If you’re responsible for driving more revenue for your business, your job gets more and more complicated as you grow.
As your business expands, so does your focus.
You need to do whatever you can to streamline your processes and minimize your admin so you can eliminate as many distractions as possible.
You will be pulled at from all sides, but you need to maintain the delicate balance between keeping your focus on long-term scalable growth and keeping the troops content, motivated, and well-trained.
And let’s not forget that all the while deals are expected to be closed.
That’s a lot of juggling.
I can’t solve this problem for you. But I can share a collection of five simple, practical tactics with you to make that job of driving fast growth so much easier.
5 Simple Time-Saving Tactics for Busy Sales Managers
These five tactics are all designed to simplify selling for your team, helping them focus on the things that matter.
Too much data can be overwhelming and often leads to paralysis, time-wasting, and confusion.
But the right tools and tech combined with strategic sales processes can rapidly increase efficiency. By banishing admin time, you can focus on your business growth strategy and your sales team can focus on finding and closing more of the right deals.
And it all starts with something as simple as curating a gallery of templates and sales content.
Time-Saver #1 Offer Your Team Time-Saving Sales Resources
Nobody working on sales should be sending out one-off emails over and over again.
This is an avoidable waste of time, which can be salvaged by implementing a repeatable process for your email communications.
The easiest and most immediate solution?
Use email templates!
The best sales-specific CRM tools should offer users the ability to select a relevant pre-loaded email template with the click of a button. Here’s how Pipedrive helps you eradicate this email double-handling:
But you can go one step further…
Give your sales troops the helpful content they need to help answer common problems and questions from your potential customers.
You might be fortunate enough to have a marketing department that provides informed, well-written, and useful sales enablement content. Unfortunately, these kinds of resources are usually reserved for larger corporations.
If you’re a more compact sales team without marketing resources, you can still save a bunch of time with carefully crafted content.
The truth is that the content doesn’t have to have Oscar-worthy production value, nor does it need to read like Hemingway wrote it. Something as simple as a shared spreadsheet full of answers matched to FAQs or a collection of email templates can drastically reduce the typing and retyping of information.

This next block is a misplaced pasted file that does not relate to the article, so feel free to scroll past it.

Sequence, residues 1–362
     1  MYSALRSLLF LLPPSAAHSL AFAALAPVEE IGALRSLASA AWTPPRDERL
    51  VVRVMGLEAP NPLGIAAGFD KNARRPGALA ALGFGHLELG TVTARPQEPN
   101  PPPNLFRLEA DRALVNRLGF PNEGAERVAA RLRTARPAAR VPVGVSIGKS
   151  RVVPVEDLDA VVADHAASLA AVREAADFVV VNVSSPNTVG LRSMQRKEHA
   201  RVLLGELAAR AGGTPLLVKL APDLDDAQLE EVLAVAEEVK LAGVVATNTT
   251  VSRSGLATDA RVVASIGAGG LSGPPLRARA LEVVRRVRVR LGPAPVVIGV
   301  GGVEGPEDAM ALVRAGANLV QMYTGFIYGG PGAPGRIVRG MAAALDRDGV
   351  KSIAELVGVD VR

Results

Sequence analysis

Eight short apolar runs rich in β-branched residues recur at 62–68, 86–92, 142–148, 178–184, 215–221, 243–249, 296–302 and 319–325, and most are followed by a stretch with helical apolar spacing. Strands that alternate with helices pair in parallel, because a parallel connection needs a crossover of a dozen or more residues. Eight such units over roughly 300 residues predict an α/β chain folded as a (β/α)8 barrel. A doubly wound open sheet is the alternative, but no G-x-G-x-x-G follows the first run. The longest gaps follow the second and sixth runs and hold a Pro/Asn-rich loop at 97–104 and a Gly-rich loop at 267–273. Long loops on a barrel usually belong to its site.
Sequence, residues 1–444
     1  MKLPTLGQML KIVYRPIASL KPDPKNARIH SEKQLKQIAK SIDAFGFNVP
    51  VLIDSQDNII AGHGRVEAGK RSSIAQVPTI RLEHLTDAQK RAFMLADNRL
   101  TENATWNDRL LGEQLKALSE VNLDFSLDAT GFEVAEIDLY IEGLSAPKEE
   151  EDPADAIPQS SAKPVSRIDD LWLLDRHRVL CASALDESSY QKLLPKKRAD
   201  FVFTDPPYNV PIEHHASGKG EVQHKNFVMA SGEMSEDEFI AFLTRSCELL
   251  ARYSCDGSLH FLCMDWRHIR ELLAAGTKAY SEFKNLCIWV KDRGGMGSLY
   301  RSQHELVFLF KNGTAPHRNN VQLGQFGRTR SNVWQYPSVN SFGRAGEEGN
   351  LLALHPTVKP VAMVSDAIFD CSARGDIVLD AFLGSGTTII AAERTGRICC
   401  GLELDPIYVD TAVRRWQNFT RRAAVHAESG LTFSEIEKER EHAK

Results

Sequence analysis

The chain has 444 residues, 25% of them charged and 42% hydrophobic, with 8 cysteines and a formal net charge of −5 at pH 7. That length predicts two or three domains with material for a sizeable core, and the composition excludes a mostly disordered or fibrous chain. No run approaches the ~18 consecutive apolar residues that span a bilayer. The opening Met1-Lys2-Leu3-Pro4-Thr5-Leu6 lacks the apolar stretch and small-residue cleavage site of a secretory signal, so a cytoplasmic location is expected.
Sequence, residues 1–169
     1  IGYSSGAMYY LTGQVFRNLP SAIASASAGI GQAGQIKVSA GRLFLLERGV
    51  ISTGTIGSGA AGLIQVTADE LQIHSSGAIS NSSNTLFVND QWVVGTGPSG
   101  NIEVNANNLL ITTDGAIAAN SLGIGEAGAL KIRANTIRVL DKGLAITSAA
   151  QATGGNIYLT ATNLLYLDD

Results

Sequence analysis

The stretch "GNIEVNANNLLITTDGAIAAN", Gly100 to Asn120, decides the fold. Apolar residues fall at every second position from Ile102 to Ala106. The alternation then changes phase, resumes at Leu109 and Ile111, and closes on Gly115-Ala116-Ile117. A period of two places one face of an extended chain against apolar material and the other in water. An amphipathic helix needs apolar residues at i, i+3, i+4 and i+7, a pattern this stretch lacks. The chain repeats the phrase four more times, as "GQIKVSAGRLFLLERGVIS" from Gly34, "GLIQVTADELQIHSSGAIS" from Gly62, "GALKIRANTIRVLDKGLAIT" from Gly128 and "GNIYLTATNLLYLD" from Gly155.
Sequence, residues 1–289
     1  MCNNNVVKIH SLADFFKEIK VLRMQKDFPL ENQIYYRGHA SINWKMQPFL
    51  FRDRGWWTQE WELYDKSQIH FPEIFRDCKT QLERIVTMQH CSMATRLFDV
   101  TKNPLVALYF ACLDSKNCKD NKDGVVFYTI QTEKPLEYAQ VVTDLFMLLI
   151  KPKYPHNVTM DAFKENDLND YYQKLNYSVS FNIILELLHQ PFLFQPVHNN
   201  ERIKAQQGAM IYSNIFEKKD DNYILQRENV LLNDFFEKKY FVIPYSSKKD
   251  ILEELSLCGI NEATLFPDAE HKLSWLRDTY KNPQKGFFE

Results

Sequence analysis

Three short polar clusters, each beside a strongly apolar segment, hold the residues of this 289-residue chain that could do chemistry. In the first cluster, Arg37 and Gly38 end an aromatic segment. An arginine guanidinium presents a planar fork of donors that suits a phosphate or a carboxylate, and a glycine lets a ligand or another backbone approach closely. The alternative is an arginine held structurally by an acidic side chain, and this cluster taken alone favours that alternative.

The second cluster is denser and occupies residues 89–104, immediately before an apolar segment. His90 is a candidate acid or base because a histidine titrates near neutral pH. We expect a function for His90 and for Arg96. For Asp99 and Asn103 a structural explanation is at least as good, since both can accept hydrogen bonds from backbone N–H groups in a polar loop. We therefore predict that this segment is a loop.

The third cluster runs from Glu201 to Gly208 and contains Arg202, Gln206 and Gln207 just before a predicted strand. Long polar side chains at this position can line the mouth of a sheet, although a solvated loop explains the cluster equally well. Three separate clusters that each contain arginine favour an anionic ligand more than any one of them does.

Teams often use a few different content assets every day with no idea what their fellow team members are using. A few enablement hours could save them days of collectively wasted time each sales cycle (and develop a more consistent approach for your brand).
Compile this ‘sales enablement content’ into a searchable shared library for your team. Here’s what you could include:
Your miniature sales enablement content checklist:
- Reusable and customizable cold email templates
- Answers to FAQs (categorized by common pain points for extra helpfulness)
- Meeting propositions and customizable proposals
- Post-pitch, “why us” or “why not” survey
- Prospecting questionnaire (not as prescriptive as a ‘script’, but more of a guide in a BANT style)
- Meeting preparation and goals checklist
- Videos or gifs to illustrate how your product solves a problem
- Written solutions to common problems (2 sentences with hyperlinks to relevant blog articles or detailed guides)
- What makes you different from the competition (USPs)
- Industry case studies (2 sentences with hyperlinks to detailed assets)
Time-Saver #2 Make Extra Time during more productive hours
One way to get ahead of the competition could be to start your team’s most productive days earlier.
Doesn’t sound like a popular decision. But think of it this way - you won’t be adding more hours to the week, just re-allocating hours to a more efficient time.
According to Dan Ariely, a Duke University professor of psychology and behavioral economics, the most productive hours of the day are the first two after waking up. Naturally, these hours depend on the sales rep’s individual routine, but starting days earlier make it more likely for your team to come in at their peak productivity hours.
Instead of cringing away from this suggestion, you can use it as a morale booster by introducing a flexible work schedule. Allowing your team to choose their starting times (working around meetings of course) can translate into higher levels of motivation and energy at the office.
Encourage your team to make the most of their day and peak early. Unless your target audience responds better at later times, your salespeople can get out of the office earlier and make more of the sunshine hours after work. The West Coast of the US takes this advice according to Pipedrive's 2017 Review into sales productivity around the world.
Plus if you’re using a CRM tool like Pipedrive, you will be able to track when your reps are most productive, and leverage that intelligence to make the most out of those high productivity blocks of time.
Time-Saver #3 Reverse Engineer Your Sales Goals
You can work back from previous sales to understand the standard actions required to close. From this information, you can recreate a template process with the average time between stages, and find patterns of activities to repeat that have consistently worked in the past.